The Large Budget Screen Production Grant is New Zealand’s most significant incentive, offering a 12.5% rebate on Kiwi production spending of more than NZ$15 million ($9.8 million). Projects spending less than $32.8 million are required to spend at least 70% of total budgets in New Zealand.
The initiative is aimed squarely at attracting Hollywood film and TV productions, and has been accessed by Peter Jackson’s “King Kong” for Universal and Walden Media’s “Chronicles of Narnia: The Lion, the Witch and the Wardrobe.”
The $9.8 million threshold is too high for locals on limited budgets, but producers are hoping it will be changed soon to allow bundling of smaller budget fare such as made-for-TV movies.
The other main film incentive is the NZ Film Production Fund aimed at New Zealand stories budgeted at $3.3 million-$13.1 million
Though independent when it was formed in 2000, the NZ Film Commission is taking over most of the fund’s functions and some rule changes look likely.
The one-off fund requires 40% funding from outside government sources, and has been useful for international co-productions.
In television, the biggest funder is government-appointed New Zealand on Air, which spends $39.3 million on television each year. Projects need backing from a local broadcaster and must reflect Kiwi culture and identity. New Zealand offers tax incentives for local productions. But producers complain they are used so seldomly that they attract excessive time-consuming scrutiny from the Inland Revenue Dept.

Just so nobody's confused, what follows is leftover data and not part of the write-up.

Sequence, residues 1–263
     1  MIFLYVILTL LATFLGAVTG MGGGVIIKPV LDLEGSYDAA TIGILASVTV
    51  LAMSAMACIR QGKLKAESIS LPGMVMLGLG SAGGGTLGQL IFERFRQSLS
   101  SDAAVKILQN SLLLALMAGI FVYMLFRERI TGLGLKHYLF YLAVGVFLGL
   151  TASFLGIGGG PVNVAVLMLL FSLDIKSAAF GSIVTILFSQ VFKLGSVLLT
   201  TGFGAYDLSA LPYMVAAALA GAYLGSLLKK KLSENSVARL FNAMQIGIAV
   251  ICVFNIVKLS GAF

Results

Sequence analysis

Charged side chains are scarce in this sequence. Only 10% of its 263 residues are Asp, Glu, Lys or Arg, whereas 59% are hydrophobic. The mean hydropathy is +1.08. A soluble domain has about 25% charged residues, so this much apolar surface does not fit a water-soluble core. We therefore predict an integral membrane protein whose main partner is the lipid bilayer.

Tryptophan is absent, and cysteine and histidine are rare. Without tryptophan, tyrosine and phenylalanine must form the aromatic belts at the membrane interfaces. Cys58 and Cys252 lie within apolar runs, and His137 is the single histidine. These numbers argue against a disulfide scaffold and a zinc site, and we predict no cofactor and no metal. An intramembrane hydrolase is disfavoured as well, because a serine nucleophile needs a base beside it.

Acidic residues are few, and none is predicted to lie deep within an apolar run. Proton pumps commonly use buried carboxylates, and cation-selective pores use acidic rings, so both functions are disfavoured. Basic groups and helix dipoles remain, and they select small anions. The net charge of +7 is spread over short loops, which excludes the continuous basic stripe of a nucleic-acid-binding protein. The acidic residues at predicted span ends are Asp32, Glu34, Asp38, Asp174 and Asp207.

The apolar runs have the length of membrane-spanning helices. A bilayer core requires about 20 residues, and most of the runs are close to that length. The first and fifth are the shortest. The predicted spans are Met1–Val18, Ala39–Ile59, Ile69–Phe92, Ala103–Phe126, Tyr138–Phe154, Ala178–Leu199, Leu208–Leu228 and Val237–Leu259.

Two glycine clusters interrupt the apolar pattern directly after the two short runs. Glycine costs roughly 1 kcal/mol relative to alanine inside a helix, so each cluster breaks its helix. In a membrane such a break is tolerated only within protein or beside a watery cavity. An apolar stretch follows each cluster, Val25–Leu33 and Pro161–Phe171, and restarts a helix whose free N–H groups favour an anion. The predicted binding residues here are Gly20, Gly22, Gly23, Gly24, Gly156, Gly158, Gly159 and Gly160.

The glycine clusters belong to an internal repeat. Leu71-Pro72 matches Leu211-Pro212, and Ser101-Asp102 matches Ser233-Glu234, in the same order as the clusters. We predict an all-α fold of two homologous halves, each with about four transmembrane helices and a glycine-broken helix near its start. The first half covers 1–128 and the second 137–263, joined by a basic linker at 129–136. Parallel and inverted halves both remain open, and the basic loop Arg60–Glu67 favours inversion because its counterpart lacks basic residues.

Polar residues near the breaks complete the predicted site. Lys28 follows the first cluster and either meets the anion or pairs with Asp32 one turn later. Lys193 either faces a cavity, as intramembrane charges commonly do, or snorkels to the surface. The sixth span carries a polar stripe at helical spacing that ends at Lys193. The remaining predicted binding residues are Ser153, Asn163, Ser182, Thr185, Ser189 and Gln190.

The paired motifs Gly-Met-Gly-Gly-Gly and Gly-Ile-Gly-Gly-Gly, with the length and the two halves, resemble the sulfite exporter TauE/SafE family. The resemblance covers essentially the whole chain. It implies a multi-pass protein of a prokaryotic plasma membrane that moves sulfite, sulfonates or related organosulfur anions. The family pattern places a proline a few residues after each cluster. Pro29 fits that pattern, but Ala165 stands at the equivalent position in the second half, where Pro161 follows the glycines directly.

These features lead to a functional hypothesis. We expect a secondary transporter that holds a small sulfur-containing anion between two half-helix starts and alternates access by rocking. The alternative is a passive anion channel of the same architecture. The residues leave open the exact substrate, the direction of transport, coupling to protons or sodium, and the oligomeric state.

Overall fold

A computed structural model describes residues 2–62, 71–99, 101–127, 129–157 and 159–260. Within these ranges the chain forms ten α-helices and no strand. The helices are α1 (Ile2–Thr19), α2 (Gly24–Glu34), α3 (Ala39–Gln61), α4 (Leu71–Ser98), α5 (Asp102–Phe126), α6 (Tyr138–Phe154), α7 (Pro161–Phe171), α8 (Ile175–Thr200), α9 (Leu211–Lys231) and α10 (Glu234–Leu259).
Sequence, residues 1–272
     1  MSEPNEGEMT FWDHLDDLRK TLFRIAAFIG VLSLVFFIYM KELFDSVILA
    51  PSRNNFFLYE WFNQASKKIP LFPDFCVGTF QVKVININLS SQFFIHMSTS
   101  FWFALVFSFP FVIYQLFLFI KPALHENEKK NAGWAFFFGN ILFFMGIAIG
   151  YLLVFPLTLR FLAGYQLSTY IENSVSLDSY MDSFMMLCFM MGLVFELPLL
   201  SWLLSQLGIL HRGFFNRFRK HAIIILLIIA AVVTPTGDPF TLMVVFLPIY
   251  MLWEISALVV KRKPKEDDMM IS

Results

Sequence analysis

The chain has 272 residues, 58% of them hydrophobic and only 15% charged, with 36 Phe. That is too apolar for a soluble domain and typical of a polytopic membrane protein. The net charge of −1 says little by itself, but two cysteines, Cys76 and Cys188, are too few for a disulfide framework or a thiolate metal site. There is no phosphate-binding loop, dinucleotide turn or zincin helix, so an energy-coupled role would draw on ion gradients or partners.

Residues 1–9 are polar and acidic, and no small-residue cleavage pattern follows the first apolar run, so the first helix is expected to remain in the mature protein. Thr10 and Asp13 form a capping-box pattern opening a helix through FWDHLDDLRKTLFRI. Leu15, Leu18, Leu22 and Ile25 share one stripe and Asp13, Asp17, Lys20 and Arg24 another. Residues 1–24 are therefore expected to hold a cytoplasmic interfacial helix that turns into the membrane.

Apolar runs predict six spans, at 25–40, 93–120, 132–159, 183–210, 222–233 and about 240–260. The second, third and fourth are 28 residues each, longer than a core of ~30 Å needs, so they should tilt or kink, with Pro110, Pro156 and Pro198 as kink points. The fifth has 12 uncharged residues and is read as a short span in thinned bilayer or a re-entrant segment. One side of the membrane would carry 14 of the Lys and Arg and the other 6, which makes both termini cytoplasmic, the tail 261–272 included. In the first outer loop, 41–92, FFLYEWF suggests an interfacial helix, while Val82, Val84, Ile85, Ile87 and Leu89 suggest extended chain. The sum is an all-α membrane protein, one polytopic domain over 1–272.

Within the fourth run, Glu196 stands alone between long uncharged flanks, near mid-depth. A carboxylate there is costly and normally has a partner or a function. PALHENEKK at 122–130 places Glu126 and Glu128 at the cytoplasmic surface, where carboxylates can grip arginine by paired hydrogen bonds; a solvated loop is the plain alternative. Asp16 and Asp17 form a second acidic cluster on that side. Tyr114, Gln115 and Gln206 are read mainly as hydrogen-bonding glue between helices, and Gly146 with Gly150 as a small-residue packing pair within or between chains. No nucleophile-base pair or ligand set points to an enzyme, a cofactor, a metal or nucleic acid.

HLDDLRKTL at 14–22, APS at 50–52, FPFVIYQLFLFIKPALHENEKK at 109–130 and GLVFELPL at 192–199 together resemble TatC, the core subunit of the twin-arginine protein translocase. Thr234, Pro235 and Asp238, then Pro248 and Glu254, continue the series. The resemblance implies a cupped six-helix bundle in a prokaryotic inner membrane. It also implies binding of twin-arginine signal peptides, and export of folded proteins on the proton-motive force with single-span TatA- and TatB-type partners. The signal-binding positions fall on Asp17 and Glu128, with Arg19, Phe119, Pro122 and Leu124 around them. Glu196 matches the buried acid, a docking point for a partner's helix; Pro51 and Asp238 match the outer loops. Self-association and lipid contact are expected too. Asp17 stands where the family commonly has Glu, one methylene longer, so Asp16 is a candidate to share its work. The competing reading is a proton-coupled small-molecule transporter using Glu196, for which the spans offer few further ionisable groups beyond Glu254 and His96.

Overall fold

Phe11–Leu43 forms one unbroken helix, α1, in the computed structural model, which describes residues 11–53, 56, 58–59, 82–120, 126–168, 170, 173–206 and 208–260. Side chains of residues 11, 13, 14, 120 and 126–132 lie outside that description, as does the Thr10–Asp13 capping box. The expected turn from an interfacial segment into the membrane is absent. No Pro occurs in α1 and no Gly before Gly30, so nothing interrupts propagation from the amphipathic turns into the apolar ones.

- Film New Zealand: Web: filmnz.com (offers practical advice for anybody filming in New Zealand); Email: info@filmnz. org.nz; Contact: chief executive Judith McCann
- New Zealand Film Commission: Web: nzfilm.co.nz; Email: email@example.com; Contact: chief executive Ruth Harley.
A new 2,000-square-meter (21,527-square-foot) soundstage is being built at the Henderson Valley studios, located 30 minutes west of central Auckland, the biggest city in New Zealand, but near the Waitakere wilderness area that hosts much of the filming activity. The new facility, including production offices, is planned to be up and running by August 2007, and local government owners are already actively marketing it. Local industry mavens are hoping the purpose-built studio will counter New Zealand’s rep for “tin-shed” facilities. The new studio will rise 49 feet to the lighting grid, similar to the Camperdown studios in Wellington owned by Peter Jackson interests and opened in 2003.